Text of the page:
(Image credit: Lauren Kolyn)

Switching gears, middle child syndrome is something that gets a lot of play in pop culture and society, but how does finding your way between older siblings, who get more responsibility, and the younger ones, who get more indulgences, play into decorating style exactly? Well, according to Jovanovic, middle children usually relate well to people and develop better communication skills. So these guys might gravitate towards a neon sign or typographic print in an interior. It’s not in the middle child’s nature to be subtle. Splashy is a better descriptor for sure.

(Image credit: Hannah Puechmarin)

Middle kids also tend to love anything that really communicates their personality or says “look at me,” from collectibles to one-of-a-kind art or even a cool graphic rug or throw.


(Image credit: Bethany Nauert)

And on to the last-born. “Youngest children are usually treated as the ‘babies’ of the family, circled by the attention,” says Jovanovic. “They want to do things not only well but better than the older kids, thereby proving that they are not the ‘babies’ others may feel they are.” So if you’re a last-born, you might find yourself into more sophisticated, glam pieces and intricate silhouettes. Hollywood Regency is your spirit decorating style. Because you’re fancy like that.

(Image credit: Julia Steele)

Additionally, says Jovanovic, the youngest “may also feel the need to differentiate themselves from all the other kids by doing something different and unconventional, that other kids still haven’t thought of.” Hello, punches of color and pattern, says Bone. (Hmm, maybe that’s why Bridget gave herself such a colorful shirt in her drawing, while dressing her brothers as jailbirds. Classic youngest child). You’d totally consider a wallpapered dining room or accent wall. I mean, that’s something we all want to do, in theory, but the youngest kids definitely just go for it.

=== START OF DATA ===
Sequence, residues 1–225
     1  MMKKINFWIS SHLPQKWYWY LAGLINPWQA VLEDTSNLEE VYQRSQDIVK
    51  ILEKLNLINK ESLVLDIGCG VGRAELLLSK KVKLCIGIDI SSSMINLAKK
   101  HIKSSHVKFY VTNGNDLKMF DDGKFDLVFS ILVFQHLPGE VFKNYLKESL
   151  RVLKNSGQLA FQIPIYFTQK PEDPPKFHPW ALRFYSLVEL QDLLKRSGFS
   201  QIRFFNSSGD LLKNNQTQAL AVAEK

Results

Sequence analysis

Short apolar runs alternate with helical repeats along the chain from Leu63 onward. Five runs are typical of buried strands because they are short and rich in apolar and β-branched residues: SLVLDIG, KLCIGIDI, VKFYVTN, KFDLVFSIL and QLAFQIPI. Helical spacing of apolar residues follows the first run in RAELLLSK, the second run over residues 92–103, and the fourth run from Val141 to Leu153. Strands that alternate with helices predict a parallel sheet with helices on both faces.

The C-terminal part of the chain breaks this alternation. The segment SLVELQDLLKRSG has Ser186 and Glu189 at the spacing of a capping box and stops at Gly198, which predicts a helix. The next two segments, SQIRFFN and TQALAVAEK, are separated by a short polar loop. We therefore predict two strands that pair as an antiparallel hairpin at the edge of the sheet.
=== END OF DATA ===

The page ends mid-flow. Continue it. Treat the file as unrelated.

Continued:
(Image credit: Cathy Pyle)

“Other ways to be bold are with statement light fixtures like a funky chandelier or lounge chair,” says Bone. “On the simpler side is to have bright and punchy throw pillows and blankets.” So you definitely like a little unexpectedness in your interiors. You are willing to go after a trend because it shows your inventiveness.

Only Child

(Image credit: Marie-Lyne Quirion)

Don’t worry, only children, we haven’t forgotten you—as if you’d believe that anyway. That same birth-order study cited above found that only children display lots of firstborn tendencies, both in terms of drive and focus on achievement. There tends to be a little selfishness there (or should we just say unabashed self-love?) since you aren’t used to sharing the spotlight with siblings. And only children tend to be incredibly ambitious as opposed to anxious. How does this translate decoratively? Well, only kids, you are the ones mixing patterns, textures and colors like savants. You pick a style or a palette and definitely follow through on it. You also can layer—rugs, textiles, lighting options within a room—like design pros.

So what do you think? Spot on or totally off? Mine’s not too far from the truth, so I feel like this isn’t the craziest idea. There just may be something to this logic.